The Federal Open Market Committee’s March meeting resulted in interest rates remaining untouched as the U.S. economy moves closer to bouncing back post-pandemic. Here’s everything you need to know:
The Fed Keeps Interest Rates Low
After convening for its scheduled March meeting to discuss monetary policy, the Federal Open Market Committee announced that it is keeping its key borrowing rate at 0-0.25 percent.
In a statement released after the meeting, the Committee explained that “it will be appropriate to maintain this target range until labor market conditions have reached levels consistent with the Committee’s assessment of maximum employment.”
The prime borrowing rate has been at its lowest in history since the coronavirus pandemic first dealt a blow to the U.S. economy.
Economic Recovery in Sight
Despite slower growth than desired, there is light at the end of the tunnel for the U.S. economy. A newly passed $1.9 trillion stimulus bill, as well as progress on COVID-19 vaccinations, hint at Americans being able to slowly return to normal life in a post-COVID world.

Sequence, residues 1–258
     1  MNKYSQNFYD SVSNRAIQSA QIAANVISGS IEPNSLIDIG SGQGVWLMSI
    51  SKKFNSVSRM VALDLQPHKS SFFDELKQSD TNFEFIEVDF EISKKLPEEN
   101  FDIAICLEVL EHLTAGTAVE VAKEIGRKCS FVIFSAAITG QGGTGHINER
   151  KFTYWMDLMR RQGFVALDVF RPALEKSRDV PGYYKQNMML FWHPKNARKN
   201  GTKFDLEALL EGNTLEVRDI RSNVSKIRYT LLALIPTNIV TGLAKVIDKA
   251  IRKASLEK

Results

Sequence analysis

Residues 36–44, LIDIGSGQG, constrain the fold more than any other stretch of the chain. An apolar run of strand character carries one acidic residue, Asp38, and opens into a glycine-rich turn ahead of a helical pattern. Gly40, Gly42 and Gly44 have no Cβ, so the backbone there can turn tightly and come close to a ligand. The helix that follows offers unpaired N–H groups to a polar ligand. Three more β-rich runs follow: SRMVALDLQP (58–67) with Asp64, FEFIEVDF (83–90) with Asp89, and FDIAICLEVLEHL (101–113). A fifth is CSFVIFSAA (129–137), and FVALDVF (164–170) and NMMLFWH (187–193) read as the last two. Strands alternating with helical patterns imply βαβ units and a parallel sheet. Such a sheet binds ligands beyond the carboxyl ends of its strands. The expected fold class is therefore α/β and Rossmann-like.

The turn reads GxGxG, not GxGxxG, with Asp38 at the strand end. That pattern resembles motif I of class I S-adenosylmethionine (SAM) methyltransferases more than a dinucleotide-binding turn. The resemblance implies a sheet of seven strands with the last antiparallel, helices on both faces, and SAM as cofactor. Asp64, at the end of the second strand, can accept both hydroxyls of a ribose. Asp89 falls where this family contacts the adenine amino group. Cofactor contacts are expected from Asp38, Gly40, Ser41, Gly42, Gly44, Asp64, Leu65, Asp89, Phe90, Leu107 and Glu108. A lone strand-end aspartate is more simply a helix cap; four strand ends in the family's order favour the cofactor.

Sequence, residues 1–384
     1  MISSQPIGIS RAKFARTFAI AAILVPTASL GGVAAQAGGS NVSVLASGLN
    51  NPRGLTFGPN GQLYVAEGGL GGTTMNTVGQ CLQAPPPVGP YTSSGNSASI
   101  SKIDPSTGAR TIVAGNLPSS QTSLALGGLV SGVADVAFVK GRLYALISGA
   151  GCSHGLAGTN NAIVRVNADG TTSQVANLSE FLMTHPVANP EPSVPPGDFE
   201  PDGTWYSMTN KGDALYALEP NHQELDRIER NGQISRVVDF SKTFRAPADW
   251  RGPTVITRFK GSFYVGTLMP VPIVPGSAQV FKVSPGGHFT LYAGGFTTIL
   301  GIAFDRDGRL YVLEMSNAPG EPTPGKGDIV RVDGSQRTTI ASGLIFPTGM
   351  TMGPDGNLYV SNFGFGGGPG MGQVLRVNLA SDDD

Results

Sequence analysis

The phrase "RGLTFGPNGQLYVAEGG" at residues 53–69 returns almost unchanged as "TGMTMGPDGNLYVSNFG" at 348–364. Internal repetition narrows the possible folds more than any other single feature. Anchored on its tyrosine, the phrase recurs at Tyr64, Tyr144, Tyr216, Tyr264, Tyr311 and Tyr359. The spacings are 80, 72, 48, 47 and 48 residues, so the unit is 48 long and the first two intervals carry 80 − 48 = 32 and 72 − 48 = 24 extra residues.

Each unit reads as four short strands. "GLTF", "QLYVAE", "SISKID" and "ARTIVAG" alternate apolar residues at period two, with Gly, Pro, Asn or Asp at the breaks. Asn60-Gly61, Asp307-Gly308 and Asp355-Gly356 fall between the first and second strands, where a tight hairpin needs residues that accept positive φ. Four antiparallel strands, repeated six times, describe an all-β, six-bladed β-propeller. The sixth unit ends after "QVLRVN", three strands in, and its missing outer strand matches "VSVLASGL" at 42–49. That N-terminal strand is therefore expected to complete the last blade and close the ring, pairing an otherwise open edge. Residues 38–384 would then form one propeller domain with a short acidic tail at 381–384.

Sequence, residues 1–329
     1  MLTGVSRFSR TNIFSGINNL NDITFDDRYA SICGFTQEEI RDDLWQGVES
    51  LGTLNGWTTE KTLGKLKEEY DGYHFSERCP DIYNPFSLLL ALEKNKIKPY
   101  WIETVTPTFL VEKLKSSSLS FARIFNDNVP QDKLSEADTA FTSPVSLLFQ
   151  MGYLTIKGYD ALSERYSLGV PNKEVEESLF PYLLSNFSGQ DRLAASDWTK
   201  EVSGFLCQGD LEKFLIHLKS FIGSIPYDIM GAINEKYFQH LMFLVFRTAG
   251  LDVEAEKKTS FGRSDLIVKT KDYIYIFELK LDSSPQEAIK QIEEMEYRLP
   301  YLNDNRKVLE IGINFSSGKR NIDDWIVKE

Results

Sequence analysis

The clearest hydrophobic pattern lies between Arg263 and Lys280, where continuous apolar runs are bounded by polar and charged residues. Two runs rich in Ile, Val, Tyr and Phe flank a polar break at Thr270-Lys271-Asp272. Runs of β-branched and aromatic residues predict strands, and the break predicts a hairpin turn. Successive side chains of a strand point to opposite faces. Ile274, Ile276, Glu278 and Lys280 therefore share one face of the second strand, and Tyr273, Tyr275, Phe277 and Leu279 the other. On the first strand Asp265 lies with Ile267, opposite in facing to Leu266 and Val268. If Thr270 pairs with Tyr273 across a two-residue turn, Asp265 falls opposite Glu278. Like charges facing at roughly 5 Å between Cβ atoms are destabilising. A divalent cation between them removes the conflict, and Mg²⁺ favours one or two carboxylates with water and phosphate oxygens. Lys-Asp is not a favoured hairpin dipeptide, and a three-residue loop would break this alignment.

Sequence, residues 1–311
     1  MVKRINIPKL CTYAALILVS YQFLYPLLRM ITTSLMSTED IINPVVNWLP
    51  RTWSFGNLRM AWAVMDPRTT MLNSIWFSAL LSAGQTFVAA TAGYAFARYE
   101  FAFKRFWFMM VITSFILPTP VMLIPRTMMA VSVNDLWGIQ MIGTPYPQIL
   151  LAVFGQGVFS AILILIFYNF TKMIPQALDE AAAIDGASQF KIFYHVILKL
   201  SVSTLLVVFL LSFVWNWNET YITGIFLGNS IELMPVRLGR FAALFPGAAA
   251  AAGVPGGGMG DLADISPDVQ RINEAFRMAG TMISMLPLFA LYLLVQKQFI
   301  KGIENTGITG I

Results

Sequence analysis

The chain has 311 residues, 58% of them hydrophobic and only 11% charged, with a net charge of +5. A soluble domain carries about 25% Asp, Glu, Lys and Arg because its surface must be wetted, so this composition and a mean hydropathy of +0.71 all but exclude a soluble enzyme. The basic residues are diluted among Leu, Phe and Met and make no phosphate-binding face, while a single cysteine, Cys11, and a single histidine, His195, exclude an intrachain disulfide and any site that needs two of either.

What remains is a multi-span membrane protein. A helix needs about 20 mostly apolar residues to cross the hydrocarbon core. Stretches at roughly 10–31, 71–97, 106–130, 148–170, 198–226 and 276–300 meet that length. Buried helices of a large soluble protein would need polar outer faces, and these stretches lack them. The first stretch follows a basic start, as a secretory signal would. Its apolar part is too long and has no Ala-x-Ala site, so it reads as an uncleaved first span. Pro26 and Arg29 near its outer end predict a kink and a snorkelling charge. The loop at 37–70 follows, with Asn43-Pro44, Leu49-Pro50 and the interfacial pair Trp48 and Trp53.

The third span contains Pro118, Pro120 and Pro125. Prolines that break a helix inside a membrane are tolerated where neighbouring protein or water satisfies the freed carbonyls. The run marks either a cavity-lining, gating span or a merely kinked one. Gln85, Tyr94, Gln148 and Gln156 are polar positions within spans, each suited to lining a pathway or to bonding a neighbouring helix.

Yet, even with unemployment rates beginning to drop the economy itching to bounce back, the Fed plans to keep interest rates at their current level for some time. Most Fed officials expect the rates to remain where they are until at least 2023. By that year, the unemployment rate is expected to drop back down to its pre-pandemic levels.
How the Prime Borrowing Rate Affects You
Low interest rates are good news for most Americans. It means that APRs for credit cards, mortgages, and auto loans will remain low and competitive. If you have a high amount of credit card debt, it’s a good time to consider a balance transfer. And if you’re thinking of applying for a new credit card, the current rates will mean lower interest charges than usual.
Featured image: The New York Public Library / Unsplash
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